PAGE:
497
Table of Contents
PROSPECTUS SUPPLEMENT Filed Pursuant to Rule 497
(to Prospectus dated April 30, 2015) Registration Statement No. 333-202531

$50,000,000

Fidus Investment Corporation

Common Stock

 

 

We are an externally managed, closed-end, non-diversified management investment company that has elected to be regulated as a business development company under the Investment Company Act of 1940, or the 1940 Act. Our investment objective is to provide attractive risk-adjusted returns by generating both current income from our debt investments and capital appreciation from our equity related investments.

We entered into equity distribution agreements, dated August 21, 2014, with Raymond James & Associates, Inc. and Robert W. Baird & Co. Incorporated, each a “Sales Agent” and, collectively, the “Sales Agents,” pursuant to one master agreement (the “equity distribution agreement”) through which we could sell, by means of at-the-market offerings from time, shares of our common stock having an aggregate offering price of up to $50.0 million (the “ATM Program”). At the inception of the ATM Program, shares of our common stock were registered for sale by registration statement No. 333-182785 and offered by a prospectus supplement dated August 21, 2014.

Pursuant to the ATM Program, as set forth in Supplement No. 2, dated March 5, 2015, and Supplement No. 1, dated November 6, 2014, to the prospectus supplement dated August 21, 2014, the gross proceeds raised, the related sales agent commission, the offering expenses and the average price at which shares were issued under the ATM Program from the period of August 21, 2014 through May 7, 2015 are as follows:

 

(In thousands, except shares and per share data)

  

Fiscal Year 2014 Issuance of Common Stock

   Number
of Shares
     Gross
Proceeds
     Sales Agent
Commission
     Offering
Expenses
     Average
Offering
Price
 

Fourth Quarter ended December 31, 2014

     4,812       $ 80       $ 1       $ 2       $ 17.00   

Third Quarter ended September 30, 2014

     153,541         2,850         43         13         18.56   
  

 

 

    

 

 

    

 

 

    

 

 

    

 

 

 

Total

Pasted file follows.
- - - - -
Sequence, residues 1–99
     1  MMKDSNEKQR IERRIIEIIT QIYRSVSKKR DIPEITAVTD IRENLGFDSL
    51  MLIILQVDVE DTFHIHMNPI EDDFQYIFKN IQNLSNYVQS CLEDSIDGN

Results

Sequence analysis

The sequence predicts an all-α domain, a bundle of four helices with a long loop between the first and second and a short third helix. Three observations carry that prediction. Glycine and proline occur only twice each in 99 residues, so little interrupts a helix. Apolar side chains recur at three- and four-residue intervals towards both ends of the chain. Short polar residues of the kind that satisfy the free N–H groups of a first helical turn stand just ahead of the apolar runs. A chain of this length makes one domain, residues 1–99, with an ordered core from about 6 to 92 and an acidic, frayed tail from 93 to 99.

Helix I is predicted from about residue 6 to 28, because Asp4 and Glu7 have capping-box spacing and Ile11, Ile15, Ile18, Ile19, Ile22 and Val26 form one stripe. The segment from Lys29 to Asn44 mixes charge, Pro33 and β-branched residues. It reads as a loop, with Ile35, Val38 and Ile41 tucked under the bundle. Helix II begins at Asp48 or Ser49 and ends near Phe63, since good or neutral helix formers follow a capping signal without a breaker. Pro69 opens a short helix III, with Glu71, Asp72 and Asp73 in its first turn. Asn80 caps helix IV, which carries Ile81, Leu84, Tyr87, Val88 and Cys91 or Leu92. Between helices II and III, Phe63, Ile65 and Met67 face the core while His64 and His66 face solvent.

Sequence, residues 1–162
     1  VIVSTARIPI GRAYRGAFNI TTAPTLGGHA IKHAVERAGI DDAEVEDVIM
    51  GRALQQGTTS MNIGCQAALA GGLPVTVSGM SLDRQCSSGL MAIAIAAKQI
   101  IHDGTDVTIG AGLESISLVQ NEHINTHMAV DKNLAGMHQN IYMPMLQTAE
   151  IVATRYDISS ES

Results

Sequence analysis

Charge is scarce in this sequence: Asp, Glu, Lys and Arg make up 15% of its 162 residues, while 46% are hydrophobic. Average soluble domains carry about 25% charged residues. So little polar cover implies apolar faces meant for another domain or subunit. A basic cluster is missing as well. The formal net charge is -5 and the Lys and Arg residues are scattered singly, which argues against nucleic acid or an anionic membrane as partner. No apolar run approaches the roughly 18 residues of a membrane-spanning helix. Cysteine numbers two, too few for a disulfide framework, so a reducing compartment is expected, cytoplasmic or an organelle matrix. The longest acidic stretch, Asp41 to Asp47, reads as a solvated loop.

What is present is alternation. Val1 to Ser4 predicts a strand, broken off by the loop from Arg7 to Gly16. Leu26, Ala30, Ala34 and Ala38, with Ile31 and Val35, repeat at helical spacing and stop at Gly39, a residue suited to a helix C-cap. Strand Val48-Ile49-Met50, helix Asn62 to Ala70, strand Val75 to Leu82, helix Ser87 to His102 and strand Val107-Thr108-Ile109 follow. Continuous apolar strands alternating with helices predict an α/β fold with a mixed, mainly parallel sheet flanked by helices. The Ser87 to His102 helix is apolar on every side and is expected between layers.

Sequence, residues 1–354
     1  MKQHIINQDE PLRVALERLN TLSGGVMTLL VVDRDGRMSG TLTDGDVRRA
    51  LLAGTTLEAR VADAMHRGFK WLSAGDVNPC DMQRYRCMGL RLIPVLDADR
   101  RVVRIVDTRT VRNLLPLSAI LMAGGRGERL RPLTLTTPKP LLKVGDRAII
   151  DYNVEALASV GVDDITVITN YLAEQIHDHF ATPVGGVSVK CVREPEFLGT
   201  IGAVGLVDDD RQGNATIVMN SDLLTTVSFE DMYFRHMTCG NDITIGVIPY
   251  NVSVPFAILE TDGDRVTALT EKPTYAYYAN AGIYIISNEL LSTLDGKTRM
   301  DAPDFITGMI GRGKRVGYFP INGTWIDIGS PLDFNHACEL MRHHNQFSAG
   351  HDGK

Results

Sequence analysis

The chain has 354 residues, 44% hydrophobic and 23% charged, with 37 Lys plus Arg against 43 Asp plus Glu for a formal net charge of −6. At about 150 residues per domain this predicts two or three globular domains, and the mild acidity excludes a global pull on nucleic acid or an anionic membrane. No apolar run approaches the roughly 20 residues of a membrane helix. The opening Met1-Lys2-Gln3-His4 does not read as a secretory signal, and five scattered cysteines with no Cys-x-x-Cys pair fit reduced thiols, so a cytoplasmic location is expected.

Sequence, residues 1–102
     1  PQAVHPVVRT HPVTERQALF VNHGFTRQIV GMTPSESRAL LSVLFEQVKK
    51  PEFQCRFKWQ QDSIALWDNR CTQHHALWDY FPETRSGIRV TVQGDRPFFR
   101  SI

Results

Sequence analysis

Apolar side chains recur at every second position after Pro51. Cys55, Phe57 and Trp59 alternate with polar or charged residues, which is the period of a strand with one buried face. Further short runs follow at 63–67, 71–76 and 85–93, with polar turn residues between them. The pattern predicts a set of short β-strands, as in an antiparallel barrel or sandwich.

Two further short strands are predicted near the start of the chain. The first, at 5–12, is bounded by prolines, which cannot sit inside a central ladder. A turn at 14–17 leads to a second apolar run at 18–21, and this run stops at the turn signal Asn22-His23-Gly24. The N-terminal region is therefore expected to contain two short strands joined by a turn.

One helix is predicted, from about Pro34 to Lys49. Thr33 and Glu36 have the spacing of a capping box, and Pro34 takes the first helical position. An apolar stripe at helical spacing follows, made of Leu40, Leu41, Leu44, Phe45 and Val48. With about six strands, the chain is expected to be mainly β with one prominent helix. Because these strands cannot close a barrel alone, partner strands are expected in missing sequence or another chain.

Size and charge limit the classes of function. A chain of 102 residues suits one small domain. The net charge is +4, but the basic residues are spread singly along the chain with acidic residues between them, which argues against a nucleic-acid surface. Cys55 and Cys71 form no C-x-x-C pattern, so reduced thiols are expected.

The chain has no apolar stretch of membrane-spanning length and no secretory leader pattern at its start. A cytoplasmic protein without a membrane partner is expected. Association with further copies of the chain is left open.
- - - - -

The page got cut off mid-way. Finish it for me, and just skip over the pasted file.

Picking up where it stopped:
158,353    $ 2,930    $ 44    $ 15    $ 18.51   
  

 

 

    

 

 

    

 

 

    

 

 

    

 

 

 

Fiscal Year 2015 Issuance of Common Stock

                                  

First Quarter ended March 31, 2015

     49,193       $ 819       $ 12       $ 4       $ 16.65   

Second Quarter (through May 7, 2015)

     56,333         937         14         4         16.64   
  

 

 

    

 

 

    

 

 

    

 

 

    

 

 

 

Total

  105,526    $ 1,756    $ 26    $ 8    $ 16.64   
  

 

 

    

 

 

    

 

 

    

 

 

    

 

 

 

On March 5, 2015, we filed a new registration statement (No. 333-202531) which was declared effective April 30, 2015 (the “Registration Statement”). As disclosed in this Prospectus Supplement and the accompanying prospectus, we intend to continue the ATM Program using shares registered under the Registration Statement.

The equity distribution agreement provides that we may offer and sell shares of our common stock having an aggregate offering price of up to $50,000,000 from time to time through the Sales Agents. Sales of our common stock, if any, under this prospectus supplement and the accompanying prospectus may be made in negotiated transactions or transactions that are deemed to be “at the market,” as defined in Rule 415 under the Securities Act of 1933, as amended, or the Securities Act, including sales made directly on the NASDAQ Global Select Market, or NASDAQ or similar securities exchange or sales made to or through a market maker other than on an exchange, at prices related to the prevailing market prices or at negotiated prices.

The sales agents are not required to sell any specific number or dollar amount of shares of our common stock but, as instructed by us, will make all sales using commercially reasonable efforts, consistent with their normal trading and sales practices, as our sales agents and subject to the terms of the equity distribution agreement. From time to time during the terms of the equity distribution agreement, we may deliver a placement notice to one of the sales agents specifying the length of the selling period, the amount of shares to be sold and the minimum price below which sales may not be made. Shares of our common stock to which this prospectus supplement relates will be sold only through one sales agent on any given day. The offering of shares of common stock pursuant to the equity distribution agreement will terminate upon the earlier of (1) the sale of shares having an aggregate offering price of $50,000,000 or (2) the termination of the equity distribution agreement. Under the terms of the equity distribution agreement, the Sales Agents will receive a commission equal to 1.50% of the gross sales price of any shares of our common stock sold through the Sales Agents under the equity distribution agreement. See “Plan of Distribution” beginning on page S-11 of this prospectus supplement.